Though usually known for their pop culture influence, the initials MG have also been a prominent part of motor sporting history since its early days. MG’s sporting pedigree can be traced back to its very first car, which was built specifically for competition. It won the gold medal at the 1925 Land’s End Trail.

The affordable and cheerful M-type Midget later emerged as the preference for enthusiasts seeking to race on a budget after an impressive win at the 1930 Brooklands Double-Twelve Race. In 1933, the C-type Midget made the fastest finish in its class at 24 Hours of Le Mans - the most prestigious endurance car race in the world. Just two years later, an MG K3 won the overall race, which also featured a memorable run by the Dancing Daughters in MG P-types. The F1 legend, Sir Stirling Moss, too has clocked the Le Mans in an MG. The MG EX181, Moss’ car, was also called the ‘roaring raindrop’.

MG’s first land speed record came in 1931 from the MG EX120 - more popularly known as ‘The Magic Midget’ - which became the first 750cc car to exceed 100mph speed. Eight years later, Major Goldie Gardner, an English racing legend, topped 200mph in an MG EX135, becoming the first in the world to do so in a light car. Between 1930 and 1959, MG broke no less than 43 records.

Many of MG’s star cars on the circuit went on to become pop culture sensations. Technology from MG’s race cars trickled down to its flagship offerings - a combination of comfort with the agility of race cars. Midget, for example, made the transition from the race track to the streets effortlessly, as did the Magnette and the MGB. By producing what are essentially functional sporty cars, MG also enabled the culture of racing across the world. A community of MG car owners united by a passion for racing and the brand quickly formed and the MG Car Club was instituted as early as 1930.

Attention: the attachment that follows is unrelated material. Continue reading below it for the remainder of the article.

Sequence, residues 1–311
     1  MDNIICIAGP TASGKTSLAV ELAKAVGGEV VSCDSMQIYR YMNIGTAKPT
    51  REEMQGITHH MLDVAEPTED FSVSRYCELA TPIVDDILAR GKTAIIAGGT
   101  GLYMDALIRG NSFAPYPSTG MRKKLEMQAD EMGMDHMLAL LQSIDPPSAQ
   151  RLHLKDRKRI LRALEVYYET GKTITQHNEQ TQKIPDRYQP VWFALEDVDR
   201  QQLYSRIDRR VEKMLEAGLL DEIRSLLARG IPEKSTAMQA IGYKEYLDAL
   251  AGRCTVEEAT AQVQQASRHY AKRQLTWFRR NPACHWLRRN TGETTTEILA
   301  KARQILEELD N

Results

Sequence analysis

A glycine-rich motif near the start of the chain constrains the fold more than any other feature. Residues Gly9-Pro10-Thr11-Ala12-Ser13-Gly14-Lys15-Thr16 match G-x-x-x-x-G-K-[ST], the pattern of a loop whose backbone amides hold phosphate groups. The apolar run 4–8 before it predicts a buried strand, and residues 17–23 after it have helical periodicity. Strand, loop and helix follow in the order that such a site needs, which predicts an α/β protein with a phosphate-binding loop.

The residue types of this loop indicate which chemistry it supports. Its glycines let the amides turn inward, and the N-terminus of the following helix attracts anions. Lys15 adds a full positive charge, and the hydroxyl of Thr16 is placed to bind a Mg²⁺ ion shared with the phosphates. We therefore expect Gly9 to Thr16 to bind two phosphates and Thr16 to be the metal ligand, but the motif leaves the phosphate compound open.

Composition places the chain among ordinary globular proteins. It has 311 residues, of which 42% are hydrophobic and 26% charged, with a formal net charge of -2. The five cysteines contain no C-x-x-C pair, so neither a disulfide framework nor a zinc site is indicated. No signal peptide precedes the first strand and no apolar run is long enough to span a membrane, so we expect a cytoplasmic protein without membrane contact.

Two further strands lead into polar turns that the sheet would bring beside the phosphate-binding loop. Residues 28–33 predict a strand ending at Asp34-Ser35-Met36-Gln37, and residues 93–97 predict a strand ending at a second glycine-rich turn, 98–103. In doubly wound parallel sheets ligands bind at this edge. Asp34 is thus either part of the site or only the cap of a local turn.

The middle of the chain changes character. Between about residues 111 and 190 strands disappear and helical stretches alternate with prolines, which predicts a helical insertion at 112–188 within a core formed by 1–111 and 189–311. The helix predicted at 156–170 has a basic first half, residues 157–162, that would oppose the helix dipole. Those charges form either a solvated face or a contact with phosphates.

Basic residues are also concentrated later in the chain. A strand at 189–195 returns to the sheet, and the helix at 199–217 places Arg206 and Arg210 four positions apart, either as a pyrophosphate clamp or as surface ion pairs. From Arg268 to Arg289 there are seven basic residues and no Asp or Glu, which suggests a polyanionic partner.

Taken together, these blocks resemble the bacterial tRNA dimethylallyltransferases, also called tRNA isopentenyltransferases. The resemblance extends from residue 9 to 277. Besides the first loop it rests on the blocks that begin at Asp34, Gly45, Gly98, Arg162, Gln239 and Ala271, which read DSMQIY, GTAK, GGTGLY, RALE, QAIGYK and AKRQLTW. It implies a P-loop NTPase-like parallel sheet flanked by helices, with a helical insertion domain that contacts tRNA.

The MG Car Club (MGCC), has emerged as the most active single Marque race organising club in the UK. It caters to all racing disciplines and MG models, including the classic variety and has helped make car racing an affordable sport. The MG Metro Cup, for example, provides exposure to amateurs in saloon car racing at an affordable cost by providing fee reimbursements, refunds, age-based fee concessions etc. Some championships, such as MG Trophy, arrange tuition and professional guidance for drivers that seek coaching. Continental MG Racing even cuts down on the traditional costs such as membership, registration and entry costs.

MG’s efforts to make race car driving more accessible seem to be paying off. Over the past two decades, several enthusiasts who started their career with MG races have progressed to more advanced championships. MG Motor, and its passionate MG club members, have been instrumental in shaping the culture of car racing. And as the video below shows, this community is being built in India as well.


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This article was produced by Scroll Brand Studio on behalf of MG and not by the Scroll editorial team.